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Some Common Questions Answered on State Licensing of Equipment Lessors

Dispatches from the Trenches

For most of us, equipment leasing is a multistate activity. Lessors in one state routinely lease equipment to lessees in other states, often buying it from vendors in a third state and sometimes working through brokers residing in yet another state. This issue of Dispatches From the Trenches addresses the common questions of what state licensing laws apply and whether it is necessary to qualifying to do business as a foreign corporation.

Qualification to Do Business

In order for a corporation formed under the laws of one state to "transact business" in another, the corporation must obtain certification from the second state’s Secretary of State. This process is referred to as "qualification to do business as a foreign corporation." Most states have adopted at least some portions of either the Model Business Corporation Act or the Revised Model Business Corporation Act. Under both (and the U.S. Constitution), it is clear that transactions in interstate (as opposed to intrastate) commerce do not constitute "transacting business" for purposes of requiring qualification.

The dividing line between a transaction in interstate commerce and one that is sufficiently a matter of intrastate activity to constitute "transacting business" is often a difficult judgment call. Unfortunately, courts do not always follow what seems to most business professionals to constitute common sense or plain English. Providing replacement units from a local inventory or services in connection with leases, rather than financing alone, is likely to cross the line into intrastate activity. Other activities that constitute "transacting business" include maintenance of an office in the state in question or having an agent located in the state or who travels to the state as a routine matter in order to conduct business. Isolated transactions, mere ownership of real or personal property, soliciting or taking orders by mail to be accepted outside the state are generally not considered to be "transacting business."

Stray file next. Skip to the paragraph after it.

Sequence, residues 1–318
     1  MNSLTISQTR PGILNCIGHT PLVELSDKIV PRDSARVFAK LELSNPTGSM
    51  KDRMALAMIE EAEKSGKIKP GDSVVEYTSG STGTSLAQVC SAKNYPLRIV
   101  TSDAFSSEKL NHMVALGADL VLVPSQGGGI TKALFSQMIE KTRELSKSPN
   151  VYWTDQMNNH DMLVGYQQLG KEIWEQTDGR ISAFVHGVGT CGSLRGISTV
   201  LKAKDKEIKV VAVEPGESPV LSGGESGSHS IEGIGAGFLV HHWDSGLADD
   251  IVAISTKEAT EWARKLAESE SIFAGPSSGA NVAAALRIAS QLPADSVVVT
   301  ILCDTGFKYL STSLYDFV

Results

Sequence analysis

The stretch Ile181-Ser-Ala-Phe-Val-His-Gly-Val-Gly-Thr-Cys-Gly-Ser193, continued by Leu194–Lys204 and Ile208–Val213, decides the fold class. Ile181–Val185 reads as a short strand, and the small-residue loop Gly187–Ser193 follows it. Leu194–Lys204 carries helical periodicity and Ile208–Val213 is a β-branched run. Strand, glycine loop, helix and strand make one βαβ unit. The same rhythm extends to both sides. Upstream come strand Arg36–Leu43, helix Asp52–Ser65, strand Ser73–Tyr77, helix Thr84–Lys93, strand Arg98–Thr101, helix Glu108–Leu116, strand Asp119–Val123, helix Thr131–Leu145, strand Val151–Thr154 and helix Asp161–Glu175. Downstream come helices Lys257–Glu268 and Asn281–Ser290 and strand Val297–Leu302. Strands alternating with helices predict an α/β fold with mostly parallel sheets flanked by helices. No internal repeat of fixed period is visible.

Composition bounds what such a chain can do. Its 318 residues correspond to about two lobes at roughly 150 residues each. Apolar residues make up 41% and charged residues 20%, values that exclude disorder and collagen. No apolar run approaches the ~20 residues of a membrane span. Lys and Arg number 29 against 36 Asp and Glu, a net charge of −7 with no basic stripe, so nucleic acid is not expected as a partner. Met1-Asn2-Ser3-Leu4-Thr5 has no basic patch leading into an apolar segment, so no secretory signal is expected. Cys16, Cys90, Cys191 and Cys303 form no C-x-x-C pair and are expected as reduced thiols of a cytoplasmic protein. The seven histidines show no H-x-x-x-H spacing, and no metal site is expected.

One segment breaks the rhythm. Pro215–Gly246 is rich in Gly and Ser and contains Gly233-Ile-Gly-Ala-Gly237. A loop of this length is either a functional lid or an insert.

While considering these issues, most lawyers advise that the lessor consider the advantages and disadvantages of qualifying. Under most state laws, a corporation that qualifies to do business in a state submits to the jurisdiction of the courts of that state and may be served with process in that state. This means that, subject to some limitations, the corporation may be sued in the foreign state. In addition, annual report filings and franchise taxes (usually based on the amount of assets or business in the state and therefore not too onerous) must be paid and the headache and enterprise cost must be considered.

On the other hand, in every state except Alabama, the failure to qualify to do business can be remedied by subsequent qualification. This is because every state except Alabama has adopted a "cure" statute under which qualification to do business retroactively cures any failure to obtain qualification for most purposes.

Except for the payment of fees, and except in Alabama, the principal penalty for failure to qualify to do business in a state is that the foreign corporation will be barred from use of the state’s courts. For example, Section 124 of the Model Business Corporation Act provides "no foreign corporation transacting business in this state without a certificate of authority shall be permitted to maintain any action, suit or proceeding in any court of this State until such corporation shall have obtained a certificate of authority." If the issue is raised, the foreign corporation usually dismisses the litigation, qualifies to do business, and initiates a new lawsuit (if within the applicable statute of limitations).